Feds put AT&T's T-Mobile buy on hold (week in review)
Wireless megamerger attracts antitrust scrutiny, while Apple has a hard time holding on to its property. Also: WikiLeaks cracked.
The U.S. Department of Justice has filed suit in a federal court to block AT&T's proposed takeover of T-Mobile USA.
The Justice Department said in its filing with the U.S. District Court for the District of Columbia that the deal would "" in the wireless industry, and thus, should be blocked from approval. The lawsuit went on to say that the deal could potentially cause "higher prices, poorer quality services, fewer choices and fewer innovative products for the millions of American consumers who rely on mobile wireless services in their everyday lives."
AT&T, which announced its plans earlier this year to acquire T-Mobile USA from Deutsche Telekom in a deal valued at $39 billion, said that the company was blindsided by the Justice Department's decision.
The only agency that is required to approve the merger is the Federal Communications Commission. Since the wireless companies have spectrum licenses granted by the FCC, that agency's approval is required to merge the companies. That said,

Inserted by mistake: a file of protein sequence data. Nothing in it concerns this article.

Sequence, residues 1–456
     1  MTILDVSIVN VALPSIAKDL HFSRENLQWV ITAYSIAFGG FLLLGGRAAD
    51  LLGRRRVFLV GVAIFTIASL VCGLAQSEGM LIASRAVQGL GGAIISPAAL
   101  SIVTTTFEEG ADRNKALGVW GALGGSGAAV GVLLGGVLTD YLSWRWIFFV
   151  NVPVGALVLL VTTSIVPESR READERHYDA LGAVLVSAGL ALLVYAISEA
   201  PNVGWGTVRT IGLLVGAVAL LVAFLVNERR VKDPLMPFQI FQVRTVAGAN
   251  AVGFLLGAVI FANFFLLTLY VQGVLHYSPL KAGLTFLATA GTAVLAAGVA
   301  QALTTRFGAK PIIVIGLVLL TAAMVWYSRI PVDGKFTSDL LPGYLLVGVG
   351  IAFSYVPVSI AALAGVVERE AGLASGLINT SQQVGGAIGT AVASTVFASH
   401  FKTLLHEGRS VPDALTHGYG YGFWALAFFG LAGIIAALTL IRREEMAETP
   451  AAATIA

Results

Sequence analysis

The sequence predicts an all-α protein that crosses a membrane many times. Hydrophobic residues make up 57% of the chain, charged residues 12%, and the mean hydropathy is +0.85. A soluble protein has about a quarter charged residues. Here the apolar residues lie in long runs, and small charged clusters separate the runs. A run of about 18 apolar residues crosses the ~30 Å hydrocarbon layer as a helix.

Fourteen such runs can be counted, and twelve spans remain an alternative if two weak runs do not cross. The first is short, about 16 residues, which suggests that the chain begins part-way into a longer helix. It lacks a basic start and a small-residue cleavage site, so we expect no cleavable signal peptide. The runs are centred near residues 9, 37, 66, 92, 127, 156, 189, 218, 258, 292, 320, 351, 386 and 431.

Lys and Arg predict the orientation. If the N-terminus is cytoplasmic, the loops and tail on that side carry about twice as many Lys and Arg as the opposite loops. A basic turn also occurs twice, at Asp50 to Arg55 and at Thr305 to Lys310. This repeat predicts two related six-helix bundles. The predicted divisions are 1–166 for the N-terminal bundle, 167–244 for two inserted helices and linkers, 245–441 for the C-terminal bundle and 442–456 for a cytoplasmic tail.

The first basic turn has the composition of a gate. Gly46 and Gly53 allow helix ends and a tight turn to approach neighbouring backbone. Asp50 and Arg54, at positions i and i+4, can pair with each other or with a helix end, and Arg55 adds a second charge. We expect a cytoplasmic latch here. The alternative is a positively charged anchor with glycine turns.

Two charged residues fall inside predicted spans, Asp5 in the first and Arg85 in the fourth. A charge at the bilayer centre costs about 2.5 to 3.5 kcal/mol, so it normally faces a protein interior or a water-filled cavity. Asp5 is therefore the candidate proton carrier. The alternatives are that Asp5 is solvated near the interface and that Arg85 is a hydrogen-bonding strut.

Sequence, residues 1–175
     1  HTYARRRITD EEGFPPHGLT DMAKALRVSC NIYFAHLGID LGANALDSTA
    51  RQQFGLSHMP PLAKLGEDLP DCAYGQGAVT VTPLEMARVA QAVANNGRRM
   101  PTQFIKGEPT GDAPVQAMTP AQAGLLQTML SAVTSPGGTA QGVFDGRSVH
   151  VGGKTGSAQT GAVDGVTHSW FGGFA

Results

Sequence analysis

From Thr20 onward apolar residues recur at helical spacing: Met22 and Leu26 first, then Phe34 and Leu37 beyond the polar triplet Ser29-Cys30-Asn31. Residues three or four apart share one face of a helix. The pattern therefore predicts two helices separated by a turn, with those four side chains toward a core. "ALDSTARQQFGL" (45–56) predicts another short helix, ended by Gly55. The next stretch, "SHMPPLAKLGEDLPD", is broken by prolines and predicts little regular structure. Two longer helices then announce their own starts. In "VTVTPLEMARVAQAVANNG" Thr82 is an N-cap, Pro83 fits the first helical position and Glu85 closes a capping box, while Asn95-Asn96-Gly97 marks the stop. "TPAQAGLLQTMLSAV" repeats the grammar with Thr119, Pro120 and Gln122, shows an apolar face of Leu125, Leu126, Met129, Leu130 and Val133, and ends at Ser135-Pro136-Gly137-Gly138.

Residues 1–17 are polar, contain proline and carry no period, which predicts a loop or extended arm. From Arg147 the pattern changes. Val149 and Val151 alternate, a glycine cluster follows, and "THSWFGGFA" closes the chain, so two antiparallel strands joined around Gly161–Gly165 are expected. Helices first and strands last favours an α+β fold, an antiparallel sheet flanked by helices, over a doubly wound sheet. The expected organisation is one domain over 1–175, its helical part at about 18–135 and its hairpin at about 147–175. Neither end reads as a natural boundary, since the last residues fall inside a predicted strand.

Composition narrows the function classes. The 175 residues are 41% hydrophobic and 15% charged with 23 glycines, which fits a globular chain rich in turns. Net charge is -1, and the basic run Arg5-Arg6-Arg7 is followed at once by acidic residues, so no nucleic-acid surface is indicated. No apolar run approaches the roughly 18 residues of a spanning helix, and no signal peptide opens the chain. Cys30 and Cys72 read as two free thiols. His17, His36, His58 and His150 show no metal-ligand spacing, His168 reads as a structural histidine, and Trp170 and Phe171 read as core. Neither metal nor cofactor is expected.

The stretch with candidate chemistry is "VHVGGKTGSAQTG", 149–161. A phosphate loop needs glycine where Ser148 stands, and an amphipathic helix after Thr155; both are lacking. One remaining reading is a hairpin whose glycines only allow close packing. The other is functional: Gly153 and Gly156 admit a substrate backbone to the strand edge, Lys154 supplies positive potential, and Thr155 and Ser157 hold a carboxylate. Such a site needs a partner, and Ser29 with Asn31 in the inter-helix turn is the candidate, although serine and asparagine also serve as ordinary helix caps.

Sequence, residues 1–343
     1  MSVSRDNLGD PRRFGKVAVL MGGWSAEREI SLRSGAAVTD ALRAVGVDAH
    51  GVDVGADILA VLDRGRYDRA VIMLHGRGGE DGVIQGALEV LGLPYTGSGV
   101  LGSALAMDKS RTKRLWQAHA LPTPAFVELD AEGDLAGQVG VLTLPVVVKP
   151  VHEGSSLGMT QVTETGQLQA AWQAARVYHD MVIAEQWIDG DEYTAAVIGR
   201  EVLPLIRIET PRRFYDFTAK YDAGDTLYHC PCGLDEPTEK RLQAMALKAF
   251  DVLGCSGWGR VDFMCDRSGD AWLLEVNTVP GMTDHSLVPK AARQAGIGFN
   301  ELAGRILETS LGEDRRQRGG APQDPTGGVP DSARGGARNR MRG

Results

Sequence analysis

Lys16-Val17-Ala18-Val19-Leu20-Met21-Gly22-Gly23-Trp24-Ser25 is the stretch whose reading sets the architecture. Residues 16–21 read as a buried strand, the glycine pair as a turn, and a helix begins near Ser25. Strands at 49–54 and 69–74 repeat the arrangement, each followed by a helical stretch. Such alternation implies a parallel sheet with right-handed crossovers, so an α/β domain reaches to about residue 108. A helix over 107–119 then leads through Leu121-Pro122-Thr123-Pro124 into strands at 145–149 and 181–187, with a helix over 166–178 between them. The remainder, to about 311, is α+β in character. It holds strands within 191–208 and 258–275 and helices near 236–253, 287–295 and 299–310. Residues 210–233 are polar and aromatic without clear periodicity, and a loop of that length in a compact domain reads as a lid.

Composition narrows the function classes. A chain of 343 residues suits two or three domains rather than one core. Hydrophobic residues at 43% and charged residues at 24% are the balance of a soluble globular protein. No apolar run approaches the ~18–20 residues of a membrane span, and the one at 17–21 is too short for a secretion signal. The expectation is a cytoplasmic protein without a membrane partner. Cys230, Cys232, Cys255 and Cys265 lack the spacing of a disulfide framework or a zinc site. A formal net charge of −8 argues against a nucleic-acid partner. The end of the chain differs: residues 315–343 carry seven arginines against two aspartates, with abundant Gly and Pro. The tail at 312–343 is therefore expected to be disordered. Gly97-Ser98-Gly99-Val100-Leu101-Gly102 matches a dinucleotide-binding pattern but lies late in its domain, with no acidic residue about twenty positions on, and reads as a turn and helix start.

An Apple employee lost yet another unreleased iPhone in a San Francisco bar last month, leading to an investigation by San Francisco police and Apple security, CNET has learned.
Apple loses another unreleased iPhone
Document-leaking group accuses British newspaper of disclosing the password that allowed access to 251,000 State Department cables.
Is Iran behind a fraudulent Google.com digital certificate? The situation is similar to one that happened in March in which spoofed certificates were traced back to Iran.
Fraudulent Google certificate points to Internet attack
The Starz deal is important for Netflix as the premium channel's content makes up a sizable chunk of Netflix's streaming library.
Starz halts licensing talks with Netflix
Eric Schmidt makes big promises. The Google chairman says makers of high-end TV sets will feature Google TV or similar software within five years.
Schmidt: TV makers to adopt Google TV within 5 years
Following a buying spree of $99 TouchPads, Hewlett-Packard plans to resurrect the WebOS-based tablet for a final production run.
HP to bring back TouchPad for last production run
The company will reportedly ship its 7-inch version later this year and start production on the 10.1-inch option in the first quarter of 2012.
At the IFA show, Sony gave CNET the first look at its Android-powered music player. With several music-specific features and the product family's best sound quality, it's geared for audiophiles.
Solar company--the latest this month to file for bankruptcy protection--cites "global economic and solar industry market conditions" as the reason.
Also of note